Fabry Disease

Fabry disease is a rare genetic lysosomal storage disorder, where you don’t have enough of a certain enzyme that breaks down fats. These fats collect in blood vessels and tissues, raising the risk of heart attack, stroke and kidney failure. Enzyme replacement and oral chaperone therapy can help prevent serious complications.


What is Fabry disease?

Fabry disease is a rare genetic condition in which you don’t produce enough healthy versions of an enzyme called alpha-galactosidase A (alpha-GAL). This enzyme breaks down sphingolipids, a fat-like substance, and prevents them from collecting in your blood vessels and tissues. Fabry disease is a type of lysosomal storage disorder.

Without functioning alpha-GAL enzymes, harmful levels of sphingolipids build up in your blood vessels and tissues. Fabry disease affects your heart, kidneys, brain, central nervous system and skin.

Other names for the condition are Anderson-Fabry disease, Fabry’s disease and alpha-galactosidase-A deficiency.

Types of Fabry disease

The types of Fabry disease reflect the age when symptoms first appear. Types include:

  • Classic type: Symptoms of classic Fabry disease appear during childhood or the teenage years. One common disease symptom — a painful burning sensation in your hands and feet — may be noticeable as early as age 2. Symptoms get progressively worse over time.
  • Late-onset/atypical type: People with late-onset Fabry disease don’t have symptoms until they’re in their 30s or older. The first indication of a problem may be kidney failure or heart disease.

How common is Fabry disease?

Approximately 1 out of every 40,000 men and people assigned male at birth (AMAB) has classic Fabry disease. Late-onset or atypical Fabry disease is more common. It affects about 1 in every 1,500 to 4,000 men and people AMAB.

Experts aren’t sure how many women and people assigned female at birth (AFAB) have Fabry disease. Some women and people AFAB don’t have symptoms or have mild, easy-to-dismiss symptoms, so the condition frequently goes undiagnosed.

Who might get Fabry disease?

People with Fabry disease inherit a mutated gene on their X chromosome from a biological parent. Men and people AMAB inherit one X chromosome from their female parent. Women and people AFAB have two X chromosomes, one from each parent.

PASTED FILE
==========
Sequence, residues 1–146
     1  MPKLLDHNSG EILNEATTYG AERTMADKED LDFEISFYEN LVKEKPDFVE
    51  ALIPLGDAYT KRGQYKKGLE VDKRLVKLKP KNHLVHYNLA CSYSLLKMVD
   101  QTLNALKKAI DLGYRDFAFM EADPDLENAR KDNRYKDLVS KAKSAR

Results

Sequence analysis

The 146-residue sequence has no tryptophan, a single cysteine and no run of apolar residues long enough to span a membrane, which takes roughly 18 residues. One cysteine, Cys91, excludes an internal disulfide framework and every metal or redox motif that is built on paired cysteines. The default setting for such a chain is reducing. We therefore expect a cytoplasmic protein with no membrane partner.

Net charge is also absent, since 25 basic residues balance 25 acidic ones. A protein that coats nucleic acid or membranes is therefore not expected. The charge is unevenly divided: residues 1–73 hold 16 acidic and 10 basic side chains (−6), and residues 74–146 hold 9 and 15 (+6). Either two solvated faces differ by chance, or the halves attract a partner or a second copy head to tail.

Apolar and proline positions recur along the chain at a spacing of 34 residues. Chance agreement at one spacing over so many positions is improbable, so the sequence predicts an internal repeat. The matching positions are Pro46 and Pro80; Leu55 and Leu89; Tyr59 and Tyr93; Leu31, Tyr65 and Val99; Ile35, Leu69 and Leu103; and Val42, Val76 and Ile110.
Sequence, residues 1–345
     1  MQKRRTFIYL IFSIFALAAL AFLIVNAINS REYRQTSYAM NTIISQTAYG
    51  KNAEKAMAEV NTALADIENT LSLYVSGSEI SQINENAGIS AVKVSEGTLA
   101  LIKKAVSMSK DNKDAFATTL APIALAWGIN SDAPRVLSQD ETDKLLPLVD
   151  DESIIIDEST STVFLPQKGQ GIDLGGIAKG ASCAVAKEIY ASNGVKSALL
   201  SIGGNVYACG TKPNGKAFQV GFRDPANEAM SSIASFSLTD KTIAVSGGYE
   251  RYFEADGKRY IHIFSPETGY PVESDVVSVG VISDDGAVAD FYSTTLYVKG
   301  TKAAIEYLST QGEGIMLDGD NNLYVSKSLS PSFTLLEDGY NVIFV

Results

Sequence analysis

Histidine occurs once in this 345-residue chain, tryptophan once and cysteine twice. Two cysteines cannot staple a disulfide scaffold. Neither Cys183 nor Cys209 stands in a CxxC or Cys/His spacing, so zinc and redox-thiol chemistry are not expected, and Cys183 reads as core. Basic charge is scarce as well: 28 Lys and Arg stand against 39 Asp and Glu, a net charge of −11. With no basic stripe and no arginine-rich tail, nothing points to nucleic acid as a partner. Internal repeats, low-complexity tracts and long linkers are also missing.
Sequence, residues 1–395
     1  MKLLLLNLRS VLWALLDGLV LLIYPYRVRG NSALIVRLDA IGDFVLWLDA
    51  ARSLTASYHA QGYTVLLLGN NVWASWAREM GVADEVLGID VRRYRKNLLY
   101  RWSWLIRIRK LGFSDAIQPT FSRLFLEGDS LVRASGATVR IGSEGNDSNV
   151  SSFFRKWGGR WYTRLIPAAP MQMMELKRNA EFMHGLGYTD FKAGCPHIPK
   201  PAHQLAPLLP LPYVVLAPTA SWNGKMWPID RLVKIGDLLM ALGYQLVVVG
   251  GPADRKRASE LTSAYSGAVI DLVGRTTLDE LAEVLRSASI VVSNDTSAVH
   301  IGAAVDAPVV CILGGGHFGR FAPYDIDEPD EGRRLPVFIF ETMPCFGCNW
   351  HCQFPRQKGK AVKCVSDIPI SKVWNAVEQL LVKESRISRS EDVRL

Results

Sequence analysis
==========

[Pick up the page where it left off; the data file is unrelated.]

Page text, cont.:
A parent can pass on the faulty gene that causes Fabry disease to a child in different ways:

  • Male parents with Fabry disease pass their X chromosome with the faulty gene to all of their daughters. All these daughters will have the gene mutation that causes Fabry disease. Sons aren’t at risk because males get the Y chromosome from their male parent (not the X chromosome).
  • Female parents with Fabry disease have a 50% chance of passing their affected X chromosome to their daughters or sons. Some family members can have the gene mutation while others don’t.


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Symptoms and Causes

What are the symptoms of Fabry disease?

Fabry disease symptoms vary depending on the type. Some symptoms are mild and might not appear until later in life. Men and people AMAB tend to have more severe Fabry disease symptoms than women and people AFAB. Fabry disease symptoms include:

  • Numbness, tingling, burning or pain in your hands or feet.
  • Extreme pain during physical activity.
  • Heat or cold intolerance.
  • Abnormal pattern of the eye (cornea verticillata), which doesn’t affect vision and can only be seen during an eye exam with a slit lamp.
  • Dizziness.
  • Flu-like symptoms, including fatigue, fever and body aches.
  • Gastrointestinal problems, such as diarrhea, constipation and abdominal pain.
  • Hearing loss or ringing in ears (tinnitus).
  • High levels of protein in urine (proteinuria).
  • Raised darker skin lesions (angiokeratoma) on your chest, back and genital area.
  • Sweating less (hypohidrosis) or not at all (anhidrosis).
  • Swelling (edema) in your legs, ankles or feet.

What causes Fabry disease?

A genetic mutation of the galactosidase alpha (GLA) gene causes Fabry disease. The GLA gene produces the alpha-GAL enzyme that helps break down fatty substances (sphingolipids). People who inherit a defective GLA gene don’t produce enough alpha-GAL enzyme. As a result, fatty substances build up in their blood vessels.


What are the complications of Fabry disease?

Years of buildup of the fatty substance can damage blood vessels and lead to life-threatening issues, including:

Diagnosis and Tests

How is it diagnosed?